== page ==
Eighteenth century Chinese Chippendale mahogany Cockpen armchair

£3,490.00

A Georgian mahogany Cockpen open armchair in the Chinese Chippendale taste.

English, George III period, circa 1760.

W 27’’ (68.5 cm)
H 37 1/2’’ (95 cm)

D 22’’ (56 cm)

BHA 1182


Contact the team

Description

A Georgian mahogany Cockpen open armchair in the Chinese Chippendale taste.
English, George III period – mid 18th century – circa 1760.

Of good colour and patination. Unusually with a slightly bowed top rail. Castors and lovely upholstery later.
Sturdy in the joints and in excellent condition throughout.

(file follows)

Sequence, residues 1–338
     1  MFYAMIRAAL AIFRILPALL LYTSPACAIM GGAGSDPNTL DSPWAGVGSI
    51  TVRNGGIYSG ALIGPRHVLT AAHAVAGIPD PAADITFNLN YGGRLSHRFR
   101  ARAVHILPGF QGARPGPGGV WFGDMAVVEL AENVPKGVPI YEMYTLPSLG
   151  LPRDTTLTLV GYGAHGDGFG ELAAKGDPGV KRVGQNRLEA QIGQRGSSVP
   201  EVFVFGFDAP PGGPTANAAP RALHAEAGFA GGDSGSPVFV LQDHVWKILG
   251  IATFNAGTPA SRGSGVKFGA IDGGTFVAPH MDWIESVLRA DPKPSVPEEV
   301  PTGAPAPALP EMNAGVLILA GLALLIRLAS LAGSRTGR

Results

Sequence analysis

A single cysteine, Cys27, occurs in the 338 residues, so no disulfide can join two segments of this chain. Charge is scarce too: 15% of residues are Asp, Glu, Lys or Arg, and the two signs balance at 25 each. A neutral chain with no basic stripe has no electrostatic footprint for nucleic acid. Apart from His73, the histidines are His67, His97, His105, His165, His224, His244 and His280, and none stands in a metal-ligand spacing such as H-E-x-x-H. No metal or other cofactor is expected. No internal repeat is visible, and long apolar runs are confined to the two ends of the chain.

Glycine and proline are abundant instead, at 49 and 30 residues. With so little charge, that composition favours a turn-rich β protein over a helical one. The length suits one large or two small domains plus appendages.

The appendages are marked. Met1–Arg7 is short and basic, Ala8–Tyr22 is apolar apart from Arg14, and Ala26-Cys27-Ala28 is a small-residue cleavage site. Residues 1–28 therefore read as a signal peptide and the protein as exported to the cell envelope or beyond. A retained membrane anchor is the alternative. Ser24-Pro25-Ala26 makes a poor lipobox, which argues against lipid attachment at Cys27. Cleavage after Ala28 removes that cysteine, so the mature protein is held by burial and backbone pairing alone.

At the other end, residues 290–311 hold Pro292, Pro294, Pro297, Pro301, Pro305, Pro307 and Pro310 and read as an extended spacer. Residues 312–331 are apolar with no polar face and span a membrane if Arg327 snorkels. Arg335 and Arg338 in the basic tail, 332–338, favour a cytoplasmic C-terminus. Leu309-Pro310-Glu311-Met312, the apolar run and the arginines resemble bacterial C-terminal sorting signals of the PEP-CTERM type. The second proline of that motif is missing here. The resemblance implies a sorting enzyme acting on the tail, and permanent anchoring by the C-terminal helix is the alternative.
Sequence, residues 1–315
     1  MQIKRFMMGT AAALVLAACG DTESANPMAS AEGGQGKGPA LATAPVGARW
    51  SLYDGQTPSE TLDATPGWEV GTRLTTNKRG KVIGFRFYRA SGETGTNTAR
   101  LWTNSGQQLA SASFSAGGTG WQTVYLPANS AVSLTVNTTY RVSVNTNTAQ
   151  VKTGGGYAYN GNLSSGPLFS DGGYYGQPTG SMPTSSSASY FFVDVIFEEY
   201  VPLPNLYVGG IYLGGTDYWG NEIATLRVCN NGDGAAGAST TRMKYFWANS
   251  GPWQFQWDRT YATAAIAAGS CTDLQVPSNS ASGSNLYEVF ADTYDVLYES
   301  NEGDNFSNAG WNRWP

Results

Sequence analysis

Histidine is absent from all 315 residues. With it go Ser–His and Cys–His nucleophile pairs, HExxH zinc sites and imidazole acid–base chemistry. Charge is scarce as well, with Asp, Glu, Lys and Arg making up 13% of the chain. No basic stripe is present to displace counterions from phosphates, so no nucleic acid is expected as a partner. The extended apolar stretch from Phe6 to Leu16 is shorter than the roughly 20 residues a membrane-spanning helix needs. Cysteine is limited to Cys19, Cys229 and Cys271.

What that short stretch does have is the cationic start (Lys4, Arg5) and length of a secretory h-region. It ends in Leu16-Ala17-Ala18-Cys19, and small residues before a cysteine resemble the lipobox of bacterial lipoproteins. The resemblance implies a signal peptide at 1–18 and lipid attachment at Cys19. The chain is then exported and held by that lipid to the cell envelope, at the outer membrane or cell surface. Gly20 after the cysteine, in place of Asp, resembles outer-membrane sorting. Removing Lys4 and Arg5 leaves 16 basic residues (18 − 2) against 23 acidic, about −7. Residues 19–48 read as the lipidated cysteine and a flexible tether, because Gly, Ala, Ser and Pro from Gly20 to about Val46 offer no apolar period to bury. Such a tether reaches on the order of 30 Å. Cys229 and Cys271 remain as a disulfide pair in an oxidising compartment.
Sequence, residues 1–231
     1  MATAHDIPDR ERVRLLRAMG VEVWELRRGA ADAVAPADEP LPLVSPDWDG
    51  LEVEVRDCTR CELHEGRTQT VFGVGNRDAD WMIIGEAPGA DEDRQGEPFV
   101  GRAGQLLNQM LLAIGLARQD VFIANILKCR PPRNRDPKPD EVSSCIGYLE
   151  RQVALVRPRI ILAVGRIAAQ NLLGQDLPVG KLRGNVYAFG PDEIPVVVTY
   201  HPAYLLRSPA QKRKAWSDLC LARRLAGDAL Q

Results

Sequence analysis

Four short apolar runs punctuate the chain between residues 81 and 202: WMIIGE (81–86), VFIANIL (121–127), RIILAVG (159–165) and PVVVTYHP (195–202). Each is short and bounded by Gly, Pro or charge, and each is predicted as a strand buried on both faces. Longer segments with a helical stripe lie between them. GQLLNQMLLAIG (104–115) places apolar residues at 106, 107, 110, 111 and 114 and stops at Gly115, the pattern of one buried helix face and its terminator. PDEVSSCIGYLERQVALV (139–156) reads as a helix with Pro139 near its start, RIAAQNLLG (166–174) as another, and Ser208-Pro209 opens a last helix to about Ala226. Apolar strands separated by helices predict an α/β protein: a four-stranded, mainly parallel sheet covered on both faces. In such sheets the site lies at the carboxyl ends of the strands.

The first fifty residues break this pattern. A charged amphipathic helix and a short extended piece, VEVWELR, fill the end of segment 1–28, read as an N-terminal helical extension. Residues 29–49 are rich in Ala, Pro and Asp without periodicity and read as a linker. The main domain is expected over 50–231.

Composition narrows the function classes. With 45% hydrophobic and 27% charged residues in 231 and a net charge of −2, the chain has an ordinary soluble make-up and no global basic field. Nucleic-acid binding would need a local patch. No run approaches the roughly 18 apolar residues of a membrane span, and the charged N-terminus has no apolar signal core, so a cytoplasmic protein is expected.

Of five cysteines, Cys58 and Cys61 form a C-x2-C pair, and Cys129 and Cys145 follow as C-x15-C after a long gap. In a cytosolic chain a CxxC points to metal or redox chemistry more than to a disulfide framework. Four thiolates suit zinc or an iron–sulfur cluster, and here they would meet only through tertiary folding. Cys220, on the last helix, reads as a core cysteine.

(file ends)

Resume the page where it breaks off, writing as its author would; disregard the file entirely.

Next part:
Literature:

Christopher Gilbert ‘The Life and Work of Thomas Chippendale’ p. 101, fig. 167.
Ralph Edwards CBE FSA in ‘A Shorter Dictionary of English Furniture’, p. 150, ill. 132, documents a similar armchair dated circa 1765.
‘English furniture’ by Thomas Arthur Strange, pp. 133, 156 & 157.
Thomas Chippendale ‘Director’, ill. XXVI.
Percy Macquoid, ‘A History of English Furniture, The Age of Mahogany’, London (1908) ill. 682.
Ralph Edwards CBE FSA ‘Georgian Cabinet-Makers’, London (1955) p. 136, fig. 88.
Sebastian Pryke ‘Cockpen Quest’ Country Life, 29th April, 1993.
Sebastian Pryke ‘The 18th Century Furniture Trade in Edinburgh’ [sic].

Named after pew chairs with a Chinese lattice design in the Cockpen Church, Cockpen, Midlothian, Scotland, cockpen chairs were originally made for the aristocratic Dalhousie family, circa 1775.

The master cabinet-maker Thomas Chippendale provided chairs of this form for Normanton Park, Rutland, and also Harewood House, West Yorkshire.